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Progress seen in school district changing its culture

With the end of the school year about four months away, Lake Havasu Unified School District’s leadership is reviewing how effective it has been in reversing public opinion about the district.

With a new superintendent, and a new mix of governing board members taking office last year, the district has worked to combat perceptions that the school district is opaque and evasive, according to officials.

Havasu resident Dave Chapman, a critic of the school district, says he rarely attended board meetings during the last administration, because he would probably “have a heart attack or blow a gasket” from all the “nonsense that went on.” But he did pay attention. With a grandchild in the Havasu school system, Chapman’s focus was on the business of educating children and district finances.

“It shouldn’t have been too complicated to talk about,” Chapman said. “I’d try to read the budget and it didn’t make any sense. Someone once told me they would try to estimate things and all that jazz, but that’s not how you run things. They needed to be accountable to the public. If they couldn’t answer the questions, let’s get somebody in there who could. Those were my thoughts.”

Superintendent Diana Asseier said she would like to have seen faster progress on things like fixing curriculum deficiencies and staff development, there has been growth thanks in large part to the passage of a $49 million school bond and 15 percent budget override in November 2016.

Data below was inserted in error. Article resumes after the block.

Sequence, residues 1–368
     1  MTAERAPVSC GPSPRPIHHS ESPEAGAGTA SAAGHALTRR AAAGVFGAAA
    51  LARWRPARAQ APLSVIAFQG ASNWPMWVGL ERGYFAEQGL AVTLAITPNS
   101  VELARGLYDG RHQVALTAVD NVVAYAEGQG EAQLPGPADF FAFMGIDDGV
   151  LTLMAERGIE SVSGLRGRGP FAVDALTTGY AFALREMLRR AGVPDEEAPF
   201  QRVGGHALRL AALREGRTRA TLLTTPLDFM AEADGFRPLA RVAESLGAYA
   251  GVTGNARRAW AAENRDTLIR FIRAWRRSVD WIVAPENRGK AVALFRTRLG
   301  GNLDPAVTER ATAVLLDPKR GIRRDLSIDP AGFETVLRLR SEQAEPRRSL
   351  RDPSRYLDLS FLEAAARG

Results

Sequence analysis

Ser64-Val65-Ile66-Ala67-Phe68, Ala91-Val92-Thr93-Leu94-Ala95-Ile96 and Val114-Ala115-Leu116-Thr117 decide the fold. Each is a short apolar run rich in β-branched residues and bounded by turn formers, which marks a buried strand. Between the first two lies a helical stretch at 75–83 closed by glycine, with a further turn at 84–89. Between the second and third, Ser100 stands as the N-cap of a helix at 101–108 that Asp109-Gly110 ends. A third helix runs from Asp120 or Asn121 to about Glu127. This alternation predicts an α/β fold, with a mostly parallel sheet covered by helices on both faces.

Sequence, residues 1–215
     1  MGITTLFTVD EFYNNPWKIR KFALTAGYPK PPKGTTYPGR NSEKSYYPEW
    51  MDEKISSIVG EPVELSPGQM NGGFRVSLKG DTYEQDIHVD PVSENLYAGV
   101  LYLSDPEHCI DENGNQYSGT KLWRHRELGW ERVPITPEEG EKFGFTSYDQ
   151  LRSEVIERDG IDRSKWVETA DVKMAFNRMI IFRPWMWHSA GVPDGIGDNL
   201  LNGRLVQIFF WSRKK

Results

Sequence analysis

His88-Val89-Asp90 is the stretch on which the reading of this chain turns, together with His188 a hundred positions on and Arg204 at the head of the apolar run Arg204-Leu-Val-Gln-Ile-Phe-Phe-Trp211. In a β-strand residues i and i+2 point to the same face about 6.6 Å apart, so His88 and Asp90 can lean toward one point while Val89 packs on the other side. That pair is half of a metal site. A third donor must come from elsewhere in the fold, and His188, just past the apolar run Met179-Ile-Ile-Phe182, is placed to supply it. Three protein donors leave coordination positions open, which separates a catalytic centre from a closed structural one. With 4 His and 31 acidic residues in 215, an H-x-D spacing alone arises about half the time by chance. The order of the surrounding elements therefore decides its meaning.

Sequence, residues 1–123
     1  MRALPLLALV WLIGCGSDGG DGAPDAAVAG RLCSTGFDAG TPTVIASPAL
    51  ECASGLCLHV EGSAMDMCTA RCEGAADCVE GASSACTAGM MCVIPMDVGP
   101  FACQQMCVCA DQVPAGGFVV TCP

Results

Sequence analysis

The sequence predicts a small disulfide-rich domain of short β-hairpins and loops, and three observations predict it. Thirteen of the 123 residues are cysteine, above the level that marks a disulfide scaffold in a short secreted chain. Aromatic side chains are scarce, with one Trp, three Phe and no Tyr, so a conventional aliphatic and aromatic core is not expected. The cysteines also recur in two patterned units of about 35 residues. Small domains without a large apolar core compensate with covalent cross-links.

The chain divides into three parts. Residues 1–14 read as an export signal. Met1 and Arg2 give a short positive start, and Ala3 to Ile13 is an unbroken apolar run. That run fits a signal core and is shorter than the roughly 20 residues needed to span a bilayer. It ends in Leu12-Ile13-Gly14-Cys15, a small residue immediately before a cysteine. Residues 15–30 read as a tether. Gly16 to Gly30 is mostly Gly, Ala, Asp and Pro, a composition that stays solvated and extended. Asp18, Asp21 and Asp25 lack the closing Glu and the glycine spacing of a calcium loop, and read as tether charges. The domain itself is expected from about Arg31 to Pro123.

“As a staff we are making progress,” Asseier said. “We are getting closer and closer of being on the same page, but so much of that is what the community did with its votes.”

Asseier said when she started it was daunting coming into a district that had spent a great deal of the reserves in its employee benefit trust to cover medical coverage. The override helped infuse $1.6 million back into the trust to shore up its stability.

“One of the big pieces of rebuilding community attitude was getting the employee benefit trust back on track,” Asseier said.

Other areas of focus that have helped change public perception include transparent budget committee hearings and a third-party forensic audit that found no evidence of fraud in the district’s administrative practices.

With one year on the governing board, John Masden is pleased to see the changes.

“The attitude is the biggest thing that I see as changing,” Masden said. “It was the district is going to do what the district is going to do. They weren’t friendly and not easy to work with. They didn’t always do things in an open manner. It’s going to be a process of several years to work everything out, but I see better communication now.”

by David Louis, Today's News-Herald*
Jan 21, 2018

*used with permission

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